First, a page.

June 18, 2006
Small Island by Andrea Levy
Finished on 6/12/06
Rating: A- (8/10 Very good)
Winner of three major literary prizes in the UK - the Orange Prize for Fiction, the Whitbread Book of the Year and the Commonwealth Writer’s prize. In addition, it has been awarded the Orange ‘Best of the Best’ prize.
Long before on-line books groups and my huge TBR (to-be-read) stacks, I was determined to finish every book I started, suffering through painfully dull or poorly written novels, classics and works of nonfiction. The older I get and the more I read, the easier it’s become to quit books that fail to entertain or hold my interest.
Sometimes, however, perseverance pays off and a gem is discovered, leading me to wonder how many others I may have missed simply because I was too impatient or quick to call it quits.
Ian McEwan’s Atonement took well over 80 pages before I came to realize it was well worth every minute I’d invested leading up to that turning point, ultimately becoming my number one read for that particular year. The Life of Pi (Yann Martel) and A Thread of Grace (Mary Doria Russell) are two other examples of wonderful novels that I would have missed had I given up when they failed (initially) to entertain me.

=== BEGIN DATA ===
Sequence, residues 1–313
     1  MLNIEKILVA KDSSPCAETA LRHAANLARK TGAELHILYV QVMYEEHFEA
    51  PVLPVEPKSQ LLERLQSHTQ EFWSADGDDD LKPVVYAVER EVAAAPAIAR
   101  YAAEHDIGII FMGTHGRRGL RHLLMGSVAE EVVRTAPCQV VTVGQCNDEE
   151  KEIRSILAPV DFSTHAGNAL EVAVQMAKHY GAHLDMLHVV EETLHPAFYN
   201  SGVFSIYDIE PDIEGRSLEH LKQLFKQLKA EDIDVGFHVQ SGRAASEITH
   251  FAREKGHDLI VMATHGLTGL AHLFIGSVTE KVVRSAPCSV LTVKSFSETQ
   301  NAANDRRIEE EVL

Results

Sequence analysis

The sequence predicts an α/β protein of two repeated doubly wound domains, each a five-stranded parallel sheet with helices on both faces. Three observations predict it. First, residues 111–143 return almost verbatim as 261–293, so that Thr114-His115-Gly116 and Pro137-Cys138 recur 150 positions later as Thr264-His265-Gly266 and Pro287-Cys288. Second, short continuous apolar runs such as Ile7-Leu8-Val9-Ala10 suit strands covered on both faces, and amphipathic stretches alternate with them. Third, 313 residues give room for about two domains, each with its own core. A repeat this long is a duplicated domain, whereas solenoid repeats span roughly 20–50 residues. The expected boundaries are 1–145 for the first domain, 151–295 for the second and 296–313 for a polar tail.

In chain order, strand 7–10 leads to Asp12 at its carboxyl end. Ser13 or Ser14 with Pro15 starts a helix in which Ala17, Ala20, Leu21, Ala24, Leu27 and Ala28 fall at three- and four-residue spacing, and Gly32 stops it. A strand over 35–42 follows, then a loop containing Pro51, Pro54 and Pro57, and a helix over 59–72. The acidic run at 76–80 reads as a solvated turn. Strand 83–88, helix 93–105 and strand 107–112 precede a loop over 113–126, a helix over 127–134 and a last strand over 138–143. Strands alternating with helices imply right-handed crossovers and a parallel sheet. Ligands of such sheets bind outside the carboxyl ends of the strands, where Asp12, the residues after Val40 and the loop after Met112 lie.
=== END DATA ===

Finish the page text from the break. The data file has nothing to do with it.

It took me a whopping 200+ pages before I even started to get interested in Small Island and the only reason I stuck it out that long is because it was my personal nomination for an on-line book group read for June. I considered setting it down several times, but kept plugging away out of sheer guilt. How would it look to the rest of the group if I, the member who put it up for nomination, didn’t even bother to finish?
Yet, in spite of the long, slow start, I was finally drawn into the narrative, captivated in particular by two of the four narrators, and anxious to return to my reading when called away by the mundane chores of life. As the final chapters drew near, I came to realize how much I’d enjoyed the story and slowed down, savoring the final pages.
Set in postwar London, Small Island is a thought-provoking narrative, centered around four strangers whose lives intersect and overlap. Levy addresses issues of race, prejudice and loyalty with a keen sense of emotion mixed with subtle humor and tenderness.
I was quite impressed with this author and not only plan to read her other novels, but hope to make time to re-read Small Island in the not too distant future. I have a feeling I’ll find the first 200 pages much more enjoyable the second time around. I also have a strong feeling that this particular novel will wind up in my Top Ten for 2006. It was definitely worth my time and effort.